The giveway contest will end on Thursday, September 21 at MIDNIGHT PST and I will announce the winner on Twitter on Friday morning, Sept 22.

I just checked the international shipping rates and I apologize, but I cannot send outside of the U.S.A.  BOO! I’m sorry.

GOOD LUCK, fellow readers!

WHITE BODIES

  • 5/5 stars
  • Author:  Jane Robins
  • U.S. publication day:  9.19.2017

Have you ever googled a question and fallen down a rabbit hole for a couple of hours?  Yes, everyone has!

Imagine for a moment that you have a family member that you are worried about. Let’s say you think your sister may be in a dangerous relationship. You stumble onto a site called controllingmen.com. You find an enormous amount of helpful information. You linger on the site and end up chatting online with a couple of other friendly members. Now, what if you are a highly suggestible type personality? Do online strangers start getting you all revved up in a battered woman cause? Wait, is your sis really in trouble?

This is what happens to Callie. Her twin sister, Tilda, has always been worrisome and Callie feels it is her duty to rescue her, especially now that Felix has entered Tilda’s life.

This is the setup to what may be the best domestic suspense novel I have read all year!  I give WHITE BODIES all the stars and possibly even a coveted position in my TWISTER HALL OF FAME! I’m in love.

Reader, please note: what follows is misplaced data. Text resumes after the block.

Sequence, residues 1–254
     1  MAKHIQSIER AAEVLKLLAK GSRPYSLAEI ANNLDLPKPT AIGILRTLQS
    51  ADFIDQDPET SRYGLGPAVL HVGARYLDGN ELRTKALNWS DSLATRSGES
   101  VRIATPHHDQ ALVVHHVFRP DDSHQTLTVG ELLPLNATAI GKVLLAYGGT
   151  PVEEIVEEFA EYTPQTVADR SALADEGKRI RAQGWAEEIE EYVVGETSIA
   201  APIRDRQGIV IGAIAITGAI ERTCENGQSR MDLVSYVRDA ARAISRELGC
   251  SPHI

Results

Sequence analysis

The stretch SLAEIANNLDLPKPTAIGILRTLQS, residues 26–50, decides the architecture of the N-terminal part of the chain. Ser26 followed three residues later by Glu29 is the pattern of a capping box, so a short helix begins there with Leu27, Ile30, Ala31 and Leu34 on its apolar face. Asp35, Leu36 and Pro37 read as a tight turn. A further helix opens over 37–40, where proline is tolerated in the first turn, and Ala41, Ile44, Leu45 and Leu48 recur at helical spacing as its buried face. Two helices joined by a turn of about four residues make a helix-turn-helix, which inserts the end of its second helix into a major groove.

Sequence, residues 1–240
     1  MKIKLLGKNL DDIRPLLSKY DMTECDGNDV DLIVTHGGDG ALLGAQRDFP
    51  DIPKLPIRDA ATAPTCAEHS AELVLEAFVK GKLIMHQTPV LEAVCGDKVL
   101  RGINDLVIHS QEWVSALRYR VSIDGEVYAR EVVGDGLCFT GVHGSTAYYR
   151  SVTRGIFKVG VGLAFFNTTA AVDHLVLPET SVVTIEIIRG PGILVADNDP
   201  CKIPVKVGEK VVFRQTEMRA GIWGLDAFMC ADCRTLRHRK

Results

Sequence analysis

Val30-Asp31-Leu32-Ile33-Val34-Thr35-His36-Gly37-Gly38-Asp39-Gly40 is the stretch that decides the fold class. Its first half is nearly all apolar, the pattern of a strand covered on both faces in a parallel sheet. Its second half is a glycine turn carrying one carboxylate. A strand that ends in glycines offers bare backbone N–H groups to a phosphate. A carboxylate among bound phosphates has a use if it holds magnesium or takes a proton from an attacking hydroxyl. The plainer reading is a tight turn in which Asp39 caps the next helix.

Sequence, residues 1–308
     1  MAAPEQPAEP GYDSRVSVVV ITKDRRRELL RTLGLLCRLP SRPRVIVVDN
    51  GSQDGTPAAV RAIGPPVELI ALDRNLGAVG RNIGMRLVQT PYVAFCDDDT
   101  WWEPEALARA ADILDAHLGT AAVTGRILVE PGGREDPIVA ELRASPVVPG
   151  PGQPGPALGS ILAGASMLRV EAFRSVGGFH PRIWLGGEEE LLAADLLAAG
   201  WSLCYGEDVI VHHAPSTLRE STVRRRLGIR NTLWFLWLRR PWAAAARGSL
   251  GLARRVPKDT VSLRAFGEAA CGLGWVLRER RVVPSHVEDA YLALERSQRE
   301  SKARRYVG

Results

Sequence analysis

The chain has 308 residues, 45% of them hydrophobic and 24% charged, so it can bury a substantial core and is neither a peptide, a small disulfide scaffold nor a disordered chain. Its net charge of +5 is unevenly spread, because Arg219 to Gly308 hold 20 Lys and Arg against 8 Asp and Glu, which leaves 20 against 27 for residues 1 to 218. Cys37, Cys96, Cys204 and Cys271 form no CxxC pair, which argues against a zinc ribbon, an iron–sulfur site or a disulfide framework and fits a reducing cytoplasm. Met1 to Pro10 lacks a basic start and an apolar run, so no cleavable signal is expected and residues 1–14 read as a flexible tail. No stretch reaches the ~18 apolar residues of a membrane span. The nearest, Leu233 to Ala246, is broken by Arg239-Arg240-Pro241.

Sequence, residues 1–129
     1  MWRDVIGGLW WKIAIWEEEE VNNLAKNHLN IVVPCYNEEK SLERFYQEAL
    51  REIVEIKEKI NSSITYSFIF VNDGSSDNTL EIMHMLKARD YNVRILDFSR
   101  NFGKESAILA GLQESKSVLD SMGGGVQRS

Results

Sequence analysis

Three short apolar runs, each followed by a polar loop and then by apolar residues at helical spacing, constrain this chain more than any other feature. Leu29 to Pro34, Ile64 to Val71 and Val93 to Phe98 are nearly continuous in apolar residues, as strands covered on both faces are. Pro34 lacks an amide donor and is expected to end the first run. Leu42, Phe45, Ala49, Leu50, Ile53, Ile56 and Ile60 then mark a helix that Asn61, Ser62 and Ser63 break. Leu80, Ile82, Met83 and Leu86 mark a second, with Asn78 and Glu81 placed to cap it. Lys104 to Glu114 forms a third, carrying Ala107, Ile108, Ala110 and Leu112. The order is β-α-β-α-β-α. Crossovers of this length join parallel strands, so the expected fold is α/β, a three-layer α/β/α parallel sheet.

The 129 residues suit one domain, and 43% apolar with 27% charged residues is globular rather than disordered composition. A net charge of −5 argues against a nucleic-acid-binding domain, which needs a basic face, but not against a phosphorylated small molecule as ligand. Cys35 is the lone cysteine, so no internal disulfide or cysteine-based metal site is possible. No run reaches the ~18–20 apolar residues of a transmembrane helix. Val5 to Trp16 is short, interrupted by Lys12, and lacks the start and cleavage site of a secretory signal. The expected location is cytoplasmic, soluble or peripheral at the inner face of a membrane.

The entire novel is told from Callie’s POV in a first person narrative. It is a writing style I love when done well.  The style naturally propels the story in a fast, suspenseful manner. I also love the fact there aren’t any flashback chapters. Callie recalls a few memories of younger days, but the narrative is always in the present. The pages fly like fire. We discover clues when Callie does. She is the one investigating a troubling situation and the reader is along for the ride!

All the characters in the book are interesting, eccentric, and masterfully drawn. Jane Robins has created the best mix of odd-ball players I’ve read in a long while. Our protagonist, Callie, is clumsy, awkward and blurts out her thoughts before thinking. She is funny in a Bridget Jones sort of way. Tilda, her twin sister, is self-assured and graceful. An actress, she adores the spotlight and plays every situation as dramatically as possible. We also have Felix, Tilda’s new charming, controlling boyfriend. Tilda and Felix, together, have a toxic connection.

Domestic noir usually involves a husband/wife relationship that’s gone awry. But, WHITE BODIES is a study of the relationship between the twin sisters. What a strange relationship these two have. When certain characters die, you will drive yourself nuts trying to figure out this plot. The end of the book is shocking, plausible and written in such a clever way, it will blow your socks off!

I just can’t say enough how much I loved this book. It is written so well with a plot that is woven into the very structure of the pages. It was a thrill to read!

Amazon link White Bodies: An Addictive Psychological Thriller